The legend of Kuchisake-Onna, a.k.a. The Slit-Mouth Woman, is a Japanese tale about the consequences of vanity and infidelity that can be dated back to the Heian Era (794-1185). Many variations of the tale have been adapted to fit modern times, but the underlying life lessons still remain.
A very beautiful wife of a Samurai was obsessed with pulling males complimentary attention to her radiant glow of her promiscuous presence that reached a point where suspicion of infidelity started to creep into the thoughts of her husband. Eventually the Samurai couldn’t bare the shame and humiliation of his wife having an affair and out of rage the husband started to beat his wife and took a knife to her mouth that gave her a permanent smile from ear to ear while yelling, “who will think you’re beautiful now?” The woman died shortly after her domestic assault and then arose as the vengeful spirit known as Kuchisake Onna.
According to the earliest version of this story that I have found, the first appearance of Kuchisake Onna was described to be wearing a Kimono and would hide her face with one of the large sleeves while haunting the streets looking for her next victim. She would approach lone male travelers while hiding her hideous deformity with her sleeve and ask them, “Do you think I’m pretty?” If the unsuspecting prey says yes, she will reveal her face and and ask “Do you think I’m pretty now?”. If the victim lies and says “yes” Kuchisake Onna will give the liar a permanent smile just like hers or If he says no she will slit his throat.
A more modern version of the tale states that Kuchisake Onna was a victim of a botched plastic surgery operation and haunts the streets wearing a trenchcoat and a surgical mask to cover her mouth. Instead of using a knife as a weapon, she would use a pair of dull rusty scissors to bring a smile to her victims.
The surgical mask adaptation is the scariest version, in my opinion, due the fact that it is very common to see people commuting around the bigger cities of Japan. Due to huge populations in cities such as Tokyo, Yokohama, Osaka, etc. the fear of spreading germs is a norm in the culture of the populace and surgical masks have become the standard accessory that people wear while commuting in these cities.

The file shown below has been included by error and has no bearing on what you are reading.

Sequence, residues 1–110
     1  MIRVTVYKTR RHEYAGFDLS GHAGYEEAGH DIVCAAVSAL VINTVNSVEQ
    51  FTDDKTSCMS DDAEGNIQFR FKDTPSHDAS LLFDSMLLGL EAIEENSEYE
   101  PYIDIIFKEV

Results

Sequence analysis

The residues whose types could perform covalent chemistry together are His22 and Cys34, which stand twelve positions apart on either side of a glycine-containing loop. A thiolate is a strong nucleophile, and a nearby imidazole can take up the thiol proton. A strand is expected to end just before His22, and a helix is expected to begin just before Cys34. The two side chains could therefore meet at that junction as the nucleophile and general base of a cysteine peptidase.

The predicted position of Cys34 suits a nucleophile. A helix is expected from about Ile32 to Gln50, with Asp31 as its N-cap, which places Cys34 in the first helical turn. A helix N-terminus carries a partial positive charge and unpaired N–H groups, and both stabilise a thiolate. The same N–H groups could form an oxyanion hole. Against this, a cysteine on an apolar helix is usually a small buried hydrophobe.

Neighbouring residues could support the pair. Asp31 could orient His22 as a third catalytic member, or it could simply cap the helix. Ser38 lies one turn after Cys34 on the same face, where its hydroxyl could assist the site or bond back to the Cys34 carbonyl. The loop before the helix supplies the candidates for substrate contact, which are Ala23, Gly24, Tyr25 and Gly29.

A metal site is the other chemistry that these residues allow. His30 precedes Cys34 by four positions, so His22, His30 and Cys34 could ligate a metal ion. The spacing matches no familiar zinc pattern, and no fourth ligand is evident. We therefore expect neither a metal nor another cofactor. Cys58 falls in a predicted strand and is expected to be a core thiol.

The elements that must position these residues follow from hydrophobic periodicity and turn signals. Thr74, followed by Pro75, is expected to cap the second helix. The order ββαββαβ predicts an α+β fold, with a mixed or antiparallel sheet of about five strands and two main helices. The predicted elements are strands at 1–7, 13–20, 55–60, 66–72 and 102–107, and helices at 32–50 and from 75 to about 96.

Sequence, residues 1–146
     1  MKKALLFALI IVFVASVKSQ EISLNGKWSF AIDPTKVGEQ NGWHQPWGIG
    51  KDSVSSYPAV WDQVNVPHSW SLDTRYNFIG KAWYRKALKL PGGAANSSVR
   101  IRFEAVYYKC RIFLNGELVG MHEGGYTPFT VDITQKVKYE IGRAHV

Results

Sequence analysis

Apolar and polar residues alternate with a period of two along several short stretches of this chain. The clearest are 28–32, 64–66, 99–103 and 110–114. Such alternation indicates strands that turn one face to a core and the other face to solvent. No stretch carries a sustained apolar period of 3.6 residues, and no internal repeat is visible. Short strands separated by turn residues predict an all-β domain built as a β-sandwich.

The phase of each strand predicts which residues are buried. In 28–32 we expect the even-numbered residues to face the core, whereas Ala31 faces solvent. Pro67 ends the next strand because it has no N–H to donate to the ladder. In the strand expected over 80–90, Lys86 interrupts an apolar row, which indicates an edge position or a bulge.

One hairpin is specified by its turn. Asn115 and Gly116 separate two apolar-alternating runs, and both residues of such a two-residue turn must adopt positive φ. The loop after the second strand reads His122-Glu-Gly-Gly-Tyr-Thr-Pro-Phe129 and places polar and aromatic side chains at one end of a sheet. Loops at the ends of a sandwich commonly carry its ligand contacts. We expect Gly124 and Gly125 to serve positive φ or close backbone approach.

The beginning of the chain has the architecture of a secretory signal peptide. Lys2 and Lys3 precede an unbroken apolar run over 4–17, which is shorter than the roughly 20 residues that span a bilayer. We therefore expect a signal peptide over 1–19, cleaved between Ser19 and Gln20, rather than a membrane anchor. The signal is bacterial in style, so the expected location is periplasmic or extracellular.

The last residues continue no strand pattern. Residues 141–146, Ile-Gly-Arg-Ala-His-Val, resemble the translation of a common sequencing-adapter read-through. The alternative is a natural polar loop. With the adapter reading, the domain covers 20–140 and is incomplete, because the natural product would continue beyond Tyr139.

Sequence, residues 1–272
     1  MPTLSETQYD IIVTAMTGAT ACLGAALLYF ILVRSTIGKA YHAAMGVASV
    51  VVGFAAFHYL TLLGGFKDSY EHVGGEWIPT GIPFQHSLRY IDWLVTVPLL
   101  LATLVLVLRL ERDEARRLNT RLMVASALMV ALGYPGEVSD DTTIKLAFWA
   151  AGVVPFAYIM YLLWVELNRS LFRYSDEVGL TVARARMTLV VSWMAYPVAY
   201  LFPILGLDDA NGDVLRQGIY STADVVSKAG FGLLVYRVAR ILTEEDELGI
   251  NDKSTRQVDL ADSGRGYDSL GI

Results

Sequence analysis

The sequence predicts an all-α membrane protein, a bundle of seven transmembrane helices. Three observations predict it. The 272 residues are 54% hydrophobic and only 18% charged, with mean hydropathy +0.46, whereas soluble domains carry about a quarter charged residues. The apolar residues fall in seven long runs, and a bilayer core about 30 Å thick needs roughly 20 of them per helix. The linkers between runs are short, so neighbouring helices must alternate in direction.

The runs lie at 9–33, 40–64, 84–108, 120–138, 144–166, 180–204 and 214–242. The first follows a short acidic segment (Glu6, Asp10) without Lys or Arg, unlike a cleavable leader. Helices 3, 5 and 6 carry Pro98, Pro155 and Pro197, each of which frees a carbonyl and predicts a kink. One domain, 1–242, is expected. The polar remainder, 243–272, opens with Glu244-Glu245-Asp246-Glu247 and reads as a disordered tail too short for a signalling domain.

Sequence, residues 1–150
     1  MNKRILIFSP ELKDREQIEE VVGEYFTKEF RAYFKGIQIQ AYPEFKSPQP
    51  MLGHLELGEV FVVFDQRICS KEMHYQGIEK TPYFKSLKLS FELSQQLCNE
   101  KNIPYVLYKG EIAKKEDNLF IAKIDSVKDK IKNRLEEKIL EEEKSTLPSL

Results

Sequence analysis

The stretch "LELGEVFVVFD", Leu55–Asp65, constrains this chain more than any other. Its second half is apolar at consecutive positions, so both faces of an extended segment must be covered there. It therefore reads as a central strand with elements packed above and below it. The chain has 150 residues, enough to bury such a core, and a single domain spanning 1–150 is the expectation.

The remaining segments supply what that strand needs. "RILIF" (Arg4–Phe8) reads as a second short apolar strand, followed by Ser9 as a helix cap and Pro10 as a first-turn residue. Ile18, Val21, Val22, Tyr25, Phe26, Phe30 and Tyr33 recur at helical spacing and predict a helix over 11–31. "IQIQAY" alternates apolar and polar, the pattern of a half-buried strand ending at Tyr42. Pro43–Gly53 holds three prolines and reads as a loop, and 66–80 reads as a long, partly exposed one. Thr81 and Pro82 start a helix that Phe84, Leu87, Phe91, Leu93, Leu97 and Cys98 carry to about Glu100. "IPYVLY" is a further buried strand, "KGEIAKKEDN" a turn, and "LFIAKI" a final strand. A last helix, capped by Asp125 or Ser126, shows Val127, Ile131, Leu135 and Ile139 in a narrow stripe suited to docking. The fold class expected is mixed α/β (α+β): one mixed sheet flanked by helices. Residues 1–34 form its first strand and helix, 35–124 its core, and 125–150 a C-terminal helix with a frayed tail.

In 1979, the legend of Kuchisake Onna blew up into mass hysteria among the children of Japan. A woman with a Glasgow Grin was witnessed chasing children around. The news spread rapidly like a forest fire through the rest of Japan, South Korea, and even China. Parents, teachers, and local law enforcement of Japan got swept up into the scare by closing schools earlier in the day to allow teachers to escort the children home before it got dark. Parks, once filled with children playing, became ghost towns. Police increased their patrols in the neighborhoods.
Survival guide to avoid or escape the Slit-Mouthed Woman
It was a common belief that Kuchisake Onna comes from shadows, so children would avoid streets that had shadows present in the area. Many other tactics were developed to avoid or to ward her off. When she asks if she is pretty, answering her question with the question, “do you think you’re pretty?” or reply “So-So” is believed to confuse her and buy you sometime to escape your deadly date with this vengeful spirit. The smell of Pomade (a certain type of hair gel) offends her and will prevent her from coming near you. It is believed, according to the modern plastic surgery version, that the surgeon was wearing Pomade while performing his operation on the soon-to-be Kuchisake Onna and the smell of it caused her to move her head which led to her deformity and death.
Matsuura, Thersa. “Frightful Japan: The Torn-Mouth Woman (Kuchisake Onna) – HNN | Horrornews.net – Official News Site.” HNN Horrornewsnet Official News Site. N.p., 06 Feb. 2011. Web. 08 Aug. 2016. Retrieved from http://horrornews.net/30080/frightful-japan-the-torn-mouth-woman-kuchisake-onna/
Kuchisake-Onna. (n.d.). Retrieved August 08, 2016, from http://creepypasta.wikia.com/wiki/Kuchisake-Onna
Wirawan, Anita. “Legend Of The Slit-Mouthed Woman: Kuchisake Onna – Anita’s Notebook.” Anita’s Notebook. N.p., 04 Feb. 2013. Web. 08 Aug. 2016. Retrieved from http://anitasnotebook.com/2013/02/legend-of-the-slit-mouthed-woman-kuchisake-onna.html
Schwarz, Rob. “Kuchisake-Onna, the Slit-Mouthed Woman.” Stranger Dimensions. N.p., 01 July 2013. Web. 08 Aug. 2016. Retrieved from http://www.strangerdimensions.com/2013/07/01/kuchisake-onna-the-slit-mouthed-woman/